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Sacred Forests With Sacred Bridges In Ivory Coast – Unforgettable Traditions

Ivory Coast is located between Liberia and Guinea in the west and Ghana in the east. Mali and Burkina Faso appear in the northern part of Ivory Coast. All these countries are part of sub-Saharan Africa.

The Sacred Forests and the activities that take place there are a typical example of traditional Africa at its best. When people say Africans are mindful of their traditions and customs, you need to see certain traditional ceremonies and agree with them. It is their way of life which they want to preserve in spite of the emerging modern society with its modern ideas and technological advancements. One needs to travel to Ivory Coast and confirm the realities of unforgettable traditions prevailing in some of the African countries.

Magical Mask - Sacred Forests

SACRED FORESTS OF IVORY COAST

Media reports confirm that Ivory Coast has remained with ten million hectares out of sixteen million hectares from the time of independence. Nearly every village in the Western and Northern Ivory Coast has its own forest. Such a forest is well-protected by the concerned villagers. The villagers get concerned because of agriculture expansion and illegal settlements mushrooming due to an increase in population.

BOYS’ INITIATION CEREMONIES

The sacred forests provide a good arena for important festivities such as boys’ initiation ceremonies. The elders of the villages would not like to see any boy who has not been circumcised to enter such forbidden places as punishment which may be meted out can be grave. Boys are camped inside the forests for a couple of weeks to ensure that the rite of passage from youth into manhood takes place without any disturbances from the prying eyes of the public. There are many activities which take place before the youths are brought for public display in the main village arena where celebrations take place. Drumming and dancing while women ululate is a spectacular sight.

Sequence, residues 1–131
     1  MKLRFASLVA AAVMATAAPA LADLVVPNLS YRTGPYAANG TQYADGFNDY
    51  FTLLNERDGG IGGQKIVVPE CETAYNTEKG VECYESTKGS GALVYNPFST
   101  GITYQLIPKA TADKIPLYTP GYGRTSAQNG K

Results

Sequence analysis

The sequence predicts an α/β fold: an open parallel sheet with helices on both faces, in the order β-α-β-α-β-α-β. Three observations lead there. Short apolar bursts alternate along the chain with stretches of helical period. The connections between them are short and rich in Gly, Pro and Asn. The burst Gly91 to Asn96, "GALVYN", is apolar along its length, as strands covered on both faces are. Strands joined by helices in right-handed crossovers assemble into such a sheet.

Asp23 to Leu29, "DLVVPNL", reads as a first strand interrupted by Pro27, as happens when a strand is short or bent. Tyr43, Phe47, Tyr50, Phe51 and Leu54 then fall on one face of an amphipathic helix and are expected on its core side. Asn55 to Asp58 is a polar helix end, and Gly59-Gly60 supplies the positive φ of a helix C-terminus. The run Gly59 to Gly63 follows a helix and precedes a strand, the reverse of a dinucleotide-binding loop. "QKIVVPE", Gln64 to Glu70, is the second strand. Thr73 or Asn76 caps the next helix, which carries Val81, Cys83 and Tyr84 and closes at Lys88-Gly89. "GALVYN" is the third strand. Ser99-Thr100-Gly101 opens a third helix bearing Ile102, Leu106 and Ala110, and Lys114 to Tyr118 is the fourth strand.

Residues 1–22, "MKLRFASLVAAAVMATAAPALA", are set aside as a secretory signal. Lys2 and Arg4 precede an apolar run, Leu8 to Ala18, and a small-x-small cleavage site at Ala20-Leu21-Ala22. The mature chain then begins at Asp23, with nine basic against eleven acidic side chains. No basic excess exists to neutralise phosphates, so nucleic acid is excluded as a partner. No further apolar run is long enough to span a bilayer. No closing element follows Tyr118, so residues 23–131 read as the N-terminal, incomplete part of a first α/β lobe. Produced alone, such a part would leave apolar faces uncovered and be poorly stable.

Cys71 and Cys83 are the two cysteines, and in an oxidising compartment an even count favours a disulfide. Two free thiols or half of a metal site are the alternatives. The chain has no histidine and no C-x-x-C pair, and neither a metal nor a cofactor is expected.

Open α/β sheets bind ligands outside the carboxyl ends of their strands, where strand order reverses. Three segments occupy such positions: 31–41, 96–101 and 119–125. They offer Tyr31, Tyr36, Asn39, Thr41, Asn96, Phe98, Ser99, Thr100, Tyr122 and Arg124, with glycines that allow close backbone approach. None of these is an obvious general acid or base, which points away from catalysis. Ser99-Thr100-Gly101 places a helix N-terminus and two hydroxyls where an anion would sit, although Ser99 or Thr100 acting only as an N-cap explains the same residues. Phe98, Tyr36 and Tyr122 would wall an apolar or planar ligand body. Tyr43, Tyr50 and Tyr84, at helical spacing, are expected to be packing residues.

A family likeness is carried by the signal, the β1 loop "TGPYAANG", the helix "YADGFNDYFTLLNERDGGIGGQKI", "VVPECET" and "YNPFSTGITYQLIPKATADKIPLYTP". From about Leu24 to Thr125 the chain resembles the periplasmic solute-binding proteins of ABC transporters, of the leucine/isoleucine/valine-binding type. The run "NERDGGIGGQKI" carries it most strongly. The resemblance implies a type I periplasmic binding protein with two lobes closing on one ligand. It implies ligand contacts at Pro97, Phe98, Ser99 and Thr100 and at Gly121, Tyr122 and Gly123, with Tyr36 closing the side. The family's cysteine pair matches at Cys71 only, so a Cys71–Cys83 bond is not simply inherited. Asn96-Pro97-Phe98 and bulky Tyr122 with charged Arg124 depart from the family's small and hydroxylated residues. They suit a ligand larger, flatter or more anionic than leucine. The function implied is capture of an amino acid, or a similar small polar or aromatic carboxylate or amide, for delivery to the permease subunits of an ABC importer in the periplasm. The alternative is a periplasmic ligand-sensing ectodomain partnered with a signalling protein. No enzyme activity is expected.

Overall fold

FEMALE GENITAL MUTILATIONS

Female circumcision in Ivory Coast takes place with over seventy per cent of girls being victims in the western and northern parts. It is less than fifty per cent in other areas although over eighty per cent men and women would like this practice to be stopped forthwith. However, traditional cutters of the flesh seem to perpetuate this practice making use of the products from the sacred forests.  The aim of female circumcision is to lessen sexual and physical desires in women while promoting the pleasure of the husband. The victims are usually girls below the age of five. No one seems to have data on deaths caused by such “illegal” activities as this is against the law of the land.

GIRLS’ INITIATION CEREMONIES

Once again the sacred forests provide good shelter during girls’ initiation ceremonies into womanhood. Apart from girls who are celebrating the beginning of their menstrual cycle, other women join them by running into the sacred forest nude. They do this annually to ward off evil spells from bad spirits which may be cast into their community.